Ketosis vs. Ketoacidosis
In the process of getting people to lose weight and fat dietary changes must be made. The effectiveness of medical weight loss is unquestionable. 3-7bs of fat on average per week is consistent and measurable and has been demonstrated over and over again in our clinic, and in numerous facilities worldwide including 1500 facilities in Canada alone. The process requires a significant reduction in carbohydrates and because of this, the topic of ketosis invariably comes up. Furthermore, there are several misconceptions that must be cleared up about the differences between ketosis and ketoacidosis.
Most people consume carbohydrates in quantities that enable the glucose in the carbs to be converted to glycogen that is then used as energy to fuel the brain and body. This process is the most common pathway for energy. When carbohydrates are restricted, the body exhausts the glycogen found in the liver and in muscle tissue and the conversion to a different form of energy is required. If this situation occurs in starvation and in the presence of inadequate protein, the body will convert muscle and protein to energy and literally “eat itself!” This may lead to weight loss but it is, of course, not recommended because muscle is a protein and so are other vital tissues like the heart, kidneys, eyes etc. Starvation diets can be incredibly dangerous because they do not protect these organs and can lead to very significant organ diseases.
Our medical weight loss program is very different in that although carbohydrates are restricted, we provide sufficient protein to protect the loss of muscle and organ proteins. The body goes through the shift from getting energy from carbohydrates to a new source, fat! This fat is usually readily abundant in people that need to lose weight and statistics show that most Americans are overweight and carry too much fat, so having a new source of energy is not a problem.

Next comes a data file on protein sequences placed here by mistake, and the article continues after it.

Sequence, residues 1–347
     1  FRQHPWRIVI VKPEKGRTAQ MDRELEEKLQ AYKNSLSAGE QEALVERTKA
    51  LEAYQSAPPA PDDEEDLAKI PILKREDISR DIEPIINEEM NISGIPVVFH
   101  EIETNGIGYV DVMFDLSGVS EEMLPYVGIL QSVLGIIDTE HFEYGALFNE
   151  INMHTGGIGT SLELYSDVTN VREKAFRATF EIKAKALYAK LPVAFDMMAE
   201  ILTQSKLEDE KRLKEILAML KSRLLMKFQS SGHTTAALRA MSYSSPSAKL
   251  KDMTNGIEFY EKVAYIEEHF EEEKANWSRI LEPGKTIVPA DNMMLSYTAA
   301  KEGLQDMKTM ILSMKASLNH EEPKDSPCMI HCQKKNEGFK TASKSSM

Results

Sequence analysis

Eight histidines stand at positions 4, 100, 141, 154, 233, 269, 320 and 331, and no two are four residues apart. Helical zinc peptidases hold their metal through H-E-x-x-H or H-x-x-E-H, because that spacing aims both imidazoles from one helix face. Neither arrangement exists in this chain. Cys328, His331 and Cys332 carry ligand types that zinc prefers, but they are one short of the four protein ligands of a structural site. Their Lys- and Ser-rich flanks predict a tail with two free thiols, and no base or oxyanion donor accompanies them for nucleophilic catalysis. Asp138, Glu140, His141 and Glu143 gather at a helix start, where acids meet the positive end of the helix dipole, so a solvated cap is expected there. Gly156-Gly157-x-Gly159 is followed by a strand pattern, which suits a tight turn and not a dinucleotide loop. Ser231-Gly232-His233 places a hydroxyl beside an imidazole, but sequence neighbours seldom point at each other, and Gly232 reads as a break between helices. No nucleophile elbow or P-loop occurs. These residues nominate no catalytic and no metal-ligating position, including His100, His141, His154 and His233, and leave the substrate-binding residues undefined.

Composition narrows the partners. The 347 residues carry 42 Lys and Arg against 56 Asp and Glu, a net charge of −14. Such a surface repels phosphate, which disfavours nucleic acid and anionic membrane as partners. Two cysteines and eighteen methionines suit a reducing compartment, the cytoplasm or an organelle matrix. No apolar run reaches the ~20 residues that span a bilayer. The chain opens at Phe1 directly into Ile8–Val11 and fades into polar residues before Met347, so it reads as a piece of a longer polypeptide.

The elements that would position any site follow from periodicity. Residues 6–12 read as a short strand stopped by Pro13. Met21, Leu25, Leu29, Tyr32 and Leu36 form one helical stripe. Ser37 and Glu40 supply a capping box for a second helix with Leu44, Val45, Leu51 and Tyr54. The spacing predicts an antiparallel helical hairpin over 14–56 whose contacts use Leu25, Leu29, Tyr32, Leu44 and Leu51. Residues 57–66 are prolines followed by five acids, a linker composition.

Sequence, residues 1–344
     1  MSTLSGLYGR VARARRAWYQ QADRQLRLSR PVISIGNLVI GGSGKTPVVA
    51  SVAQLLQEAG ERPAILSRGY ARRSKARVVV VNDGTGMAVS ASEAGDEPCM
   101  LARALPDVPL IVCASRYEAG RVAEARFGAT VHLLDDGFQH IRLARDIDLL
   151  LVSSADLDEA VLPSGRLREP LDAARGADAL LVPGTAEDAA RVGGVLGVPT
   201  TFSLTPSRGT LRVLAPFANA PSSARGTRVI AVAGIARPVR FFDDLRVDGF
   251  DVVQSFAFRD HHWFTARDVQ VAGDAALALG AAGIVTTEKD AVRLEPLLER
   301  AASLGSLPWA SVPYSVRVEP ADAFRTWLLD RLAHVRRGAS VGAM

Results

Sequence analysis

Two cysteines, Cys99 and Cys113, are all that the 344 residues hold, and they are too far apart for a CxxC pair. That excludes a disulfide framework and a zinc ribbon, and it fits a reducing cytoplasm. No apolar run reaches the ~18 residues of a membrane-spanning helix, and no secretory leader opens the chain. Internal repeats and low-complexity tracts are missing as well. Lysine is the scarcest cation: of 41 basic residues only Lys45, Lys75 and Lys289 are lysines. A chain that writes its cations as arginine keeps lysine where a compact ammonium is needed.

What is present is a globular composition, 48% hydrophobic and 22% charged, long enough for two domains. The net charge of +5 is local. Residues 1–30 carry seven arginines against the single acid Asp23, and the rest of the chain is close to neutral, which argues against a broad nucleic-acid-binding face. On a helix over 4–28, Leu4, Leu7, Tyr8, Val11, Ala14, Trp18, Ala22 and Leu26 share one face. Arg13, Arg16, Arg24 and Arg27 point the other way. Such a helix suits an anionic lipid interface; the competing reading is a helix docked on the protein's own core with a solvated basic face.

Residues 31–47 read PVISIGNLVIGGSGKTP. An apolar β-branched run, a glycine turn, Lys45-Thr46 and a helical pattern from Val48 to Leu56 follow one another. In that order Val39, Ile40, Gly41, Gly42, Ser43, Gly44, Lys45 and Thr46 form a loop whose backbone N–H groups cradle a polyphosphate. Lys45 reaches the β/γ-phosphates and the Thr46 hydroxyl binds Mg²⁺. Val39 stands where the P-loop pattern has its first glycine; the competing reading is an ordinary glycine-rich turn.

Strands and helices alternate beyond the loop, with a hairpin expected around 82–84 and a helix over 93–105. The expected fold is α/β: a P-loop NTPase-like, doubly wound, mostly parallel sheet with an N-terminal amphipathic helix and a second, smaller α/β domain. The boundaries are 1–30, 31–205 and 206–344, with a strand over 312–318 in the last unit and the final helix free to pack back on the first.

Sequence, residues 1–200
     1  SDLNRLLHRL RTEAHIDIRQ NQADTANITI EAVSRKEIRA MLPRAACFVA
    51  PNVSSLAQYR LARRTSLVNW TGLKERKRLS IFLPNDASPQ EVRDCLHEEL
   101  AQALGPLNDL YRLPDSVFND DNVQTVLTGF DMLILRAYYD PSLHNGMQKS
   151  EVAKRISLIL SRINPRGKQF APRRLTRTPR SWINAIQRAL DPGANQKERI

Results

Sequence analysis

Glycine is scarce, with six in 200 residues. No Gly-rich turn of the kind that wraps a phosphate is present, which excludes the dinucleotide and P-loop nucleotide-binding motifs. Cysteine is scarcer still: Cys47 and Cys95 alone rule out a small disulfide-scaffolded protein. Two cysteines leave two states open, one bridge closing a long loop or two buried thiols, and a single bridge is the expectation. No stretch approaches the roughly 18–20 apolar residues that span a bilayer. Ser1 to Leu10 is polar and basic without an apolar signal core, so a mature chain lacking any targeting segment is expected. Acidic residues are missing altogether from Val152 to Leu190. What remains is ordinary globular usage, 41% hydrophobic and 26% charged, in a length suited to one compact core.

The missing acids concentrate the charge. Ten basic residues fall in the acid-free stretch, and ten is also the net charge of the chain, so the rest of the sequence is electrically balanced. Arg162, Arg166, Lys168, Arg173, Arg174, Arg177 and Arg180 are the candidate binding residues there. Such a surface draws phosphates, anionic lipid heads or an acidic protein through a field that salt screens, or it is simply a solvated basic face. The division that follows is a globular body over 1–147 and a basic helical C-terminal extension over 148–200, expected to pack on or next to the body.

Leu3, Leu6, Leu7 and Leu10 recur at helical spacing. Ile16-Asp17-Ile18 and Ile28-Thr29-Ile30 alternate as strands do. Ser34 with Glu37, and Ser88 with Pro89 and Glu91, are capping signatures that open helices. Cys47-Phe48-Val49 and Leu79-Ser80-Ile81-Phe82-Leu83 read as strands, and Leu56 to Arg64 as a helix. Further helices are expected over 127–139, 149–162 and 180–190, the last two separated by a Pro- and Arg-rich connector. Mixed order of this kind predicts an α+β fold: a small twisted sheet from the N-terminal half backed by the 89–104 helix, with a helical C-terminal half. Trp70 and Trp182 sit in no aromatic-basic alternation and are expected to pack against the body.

When we as humans get our energy from fat, the process of metabolizing this fat produces ketones. Ketones are the byproduct of fat metabolism. In patients with a normal functioning pancreas, liver, and kidneys, they are excreted and do not build up in the body. They are harmless and have been shown to have substantial benefit including blunted hunger and muscle sparing, as well as anti-cancer and anti-epileptic benefits.
In a type 1 diabetic, ketones are constantly produced. The type one diabetic can, unfortunately have a problem when the levels of ketones exceed normal amounts and the result is ketoacidosis. Ketoacidosis is dangerous because it can lead to an excessive amount of ketones on organ and brain tissue and if unchecked, can be fatal.
The problem is that some have erroneously claimed that any levels of ketones in a normal, non type 1 diabetic can lead to ketoacidosis. This could not be further from the truth. Ketones in normal patients are simply excreted and no risk of ketoacidosis is possible.
Again, ketoacidosis is a process that only occurs in type 1 diabetics and only under certain situations, none of which would occur in persons following the protocol. Normal patients who wish to lose 3-7 lbs of weight and fat can safely use carbohydrate restriction and ketosis as a powerful vehicle to achieve the results they are seeking. If you are interested in learning more about how medical weight loss is different from all of the other diet programs that are out there and why it is “the last diet you’ll ever need,” please call 970-686-9117 to attend one of our complimentary nutritional lectures, or schedule a complimentary consultation.
Dr. Jason W. Haas